When this week’s college football polls were released Sunday, Missouri fans were treated to a rare occurrence; the Tigers were ranked in the top 10.
After their 42-28 win over visiting Iowa State on Saturday, the Tigers are ranked No. 9 in the Associated Press, USA Today and Harris college football polls. MU, 7-1 after the victory, is also listed ninth in the Bowl Championship Series standings, which selects the top two teams to play in the national championship, and coach Gary Pinkel joins former Missouri coach Warren Powers on the short list of MU football coaches to lead their team to a top 10 ranking.
The Tigers had not been ranked in the top 10 teams since 1981 when Powers was the head coach. That year, the team landed the No. 8 spot, but only for one week, until MU lost to Iowa State, an unranked team at the time.
Powers said he remembers feeling honored when his team was ranked as one of the best in the nation.
“There are only 10 teams in the country that are chosen; it is hard to get up on that list,” Powers said.
Powers said it is imperative for the 2007 Tigers to concentrate on each week individually and not to look ahead to the big games coming.
“The players are very proud to be in the top 10, but they know they have to continue to work hard in every game,” he added.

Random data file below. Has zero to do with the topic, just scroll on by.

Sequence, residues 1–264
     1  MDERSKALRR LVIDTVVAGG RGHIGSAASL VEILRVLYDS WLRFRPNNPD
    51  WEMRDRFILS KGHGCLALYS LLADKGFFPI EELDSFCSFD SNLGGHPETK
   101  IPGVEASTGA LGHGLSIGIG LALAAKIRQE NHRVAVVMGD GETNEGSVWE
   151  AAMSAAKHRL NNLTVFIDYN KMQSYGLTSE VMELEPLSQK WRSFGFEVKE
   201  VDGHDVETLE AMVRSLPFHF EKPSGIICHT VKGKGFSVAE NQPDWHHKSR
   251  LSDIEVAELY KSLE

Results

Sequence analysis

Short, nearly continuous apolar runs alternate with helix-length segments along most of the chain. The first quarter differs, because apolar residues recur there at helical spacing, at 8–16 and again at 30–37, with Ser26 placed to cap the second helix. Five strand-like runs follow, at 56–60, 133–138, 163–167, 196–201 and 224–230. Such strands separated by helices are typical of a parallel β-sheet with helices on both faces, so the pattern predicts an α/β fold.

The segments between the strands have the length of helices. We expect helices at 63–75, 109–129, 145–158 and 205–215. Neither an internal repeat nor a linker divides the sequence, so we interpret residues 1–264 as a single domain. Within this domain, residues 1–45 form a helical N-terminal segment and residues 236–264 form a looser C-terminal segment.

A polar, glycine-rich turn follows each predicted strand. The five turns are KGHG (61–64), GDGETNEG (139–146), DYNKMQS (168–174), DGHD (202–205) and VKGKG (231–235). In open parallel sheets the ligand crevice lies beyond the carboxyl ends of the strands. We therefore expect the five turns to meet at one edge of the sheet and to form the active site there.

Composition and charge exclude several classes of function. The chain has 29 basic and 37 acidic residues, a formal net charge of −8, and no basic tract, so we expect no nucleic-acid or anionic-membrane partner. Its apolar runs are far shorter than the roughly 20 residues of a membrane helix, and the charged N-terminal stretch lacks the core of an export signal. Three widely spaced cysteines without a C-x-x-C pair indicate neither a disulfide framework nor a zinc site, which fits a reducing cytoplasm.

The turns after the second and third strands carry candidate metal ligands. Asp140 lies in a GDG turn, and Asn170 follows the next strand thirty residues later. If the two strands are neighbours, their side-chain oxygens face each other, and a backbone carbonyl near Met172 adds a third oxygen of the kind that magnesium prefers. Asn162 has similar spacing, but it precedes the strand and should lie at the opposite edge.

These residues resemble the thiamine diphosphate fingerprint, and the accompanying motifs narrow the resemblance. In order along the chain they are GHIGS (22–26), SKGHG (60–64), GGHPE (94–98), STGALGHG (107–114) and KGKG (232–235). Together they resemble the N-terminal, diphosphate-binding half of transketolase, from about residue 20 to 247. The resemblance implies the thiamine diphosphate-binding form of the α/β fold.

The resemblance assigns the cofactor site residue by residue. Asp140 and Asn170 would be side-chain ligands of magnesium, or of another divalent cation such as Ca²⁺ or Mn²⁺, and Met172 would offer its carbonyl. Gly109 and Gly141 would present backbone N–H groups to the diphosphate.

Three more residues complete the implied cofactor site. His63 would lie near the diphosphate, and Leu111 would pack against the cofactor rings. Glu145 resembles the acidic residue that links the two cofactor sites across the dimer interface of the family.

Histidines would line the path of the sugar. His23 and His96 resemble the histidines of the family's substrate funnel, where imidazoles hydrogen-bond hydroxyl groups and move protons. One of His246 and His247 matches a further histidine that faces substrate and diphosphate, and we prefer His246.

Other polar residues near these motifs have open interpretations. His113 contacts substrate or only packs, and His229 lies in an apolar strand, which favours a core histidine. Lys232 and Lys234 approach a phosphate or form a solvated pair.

“MU is in the Big 12; they are going to face a tough game every week. The other teams are not afraid of you,” he said.
Still an avid Tigers fan, Powers says it’s great to see the team ranked highly after struggles earlier in the decade.
“MU has always had a strong program. Even when I coached at Nebraska, Mizzou was strong and it is great to see them come back,” said Powers, who now lives in Chesterfield.
The Tigers lost only one impact offensive skill position player from last year’s 8-5 team.
“This year I think Gary has put together a good squad with a lot of maturity on it,” he said.
Loyal fans, such as Columbia resident Bill Williamson, have been waiting for a season like this since the ‘60s, when he attended MU.
“In the late ‘60s we had a really great team, and it is good to see them return,” he said.
In 1968, the Tigers were ranked as high as sixth before beating Alabama in the Gator Bowl, and they appeared in the Orange Bowl the following year, when they won their last conference title.
Williamson said he has noticed recently that the students have become more excited during the games — a possible side effect of the Tigers’ success.
“I always sit on the press box side by the same people,” he said. “I have seen much more spirit and excitement coming from the students in the past few years than ever before,” Williamson added.
Pinkel said the Tigers are meeting their expectations of being the preseason favorite to win the Big 12 North. However, he knows it is important for him and his team to keep the season in perspective like Powers said , because it is only the end of October.
“We know what it is like right now, but in two weeks it could be entirely different,” Pinkel said. “It is exciting, though. This is a great position to be in.”
The Tigers, who haven’t won a north title since the Big 12’s inception in 1997, still have four games left in the regular season at Colorado, at home against Texas A&M, at Kansas State and against No. 8 Kansas in Kansas City. If the Tigers and the currently undefeated Jayhawks both win their next three games, the Border Showdown at Arrowhead Stadium would be for a berth in the Big 12 Championship in San Antonio. This season also marks the first time that both MU and KU have been ranked in the top 10 at the same time since 1976, when Kansas was also No. 8 and Missouri was No. 9.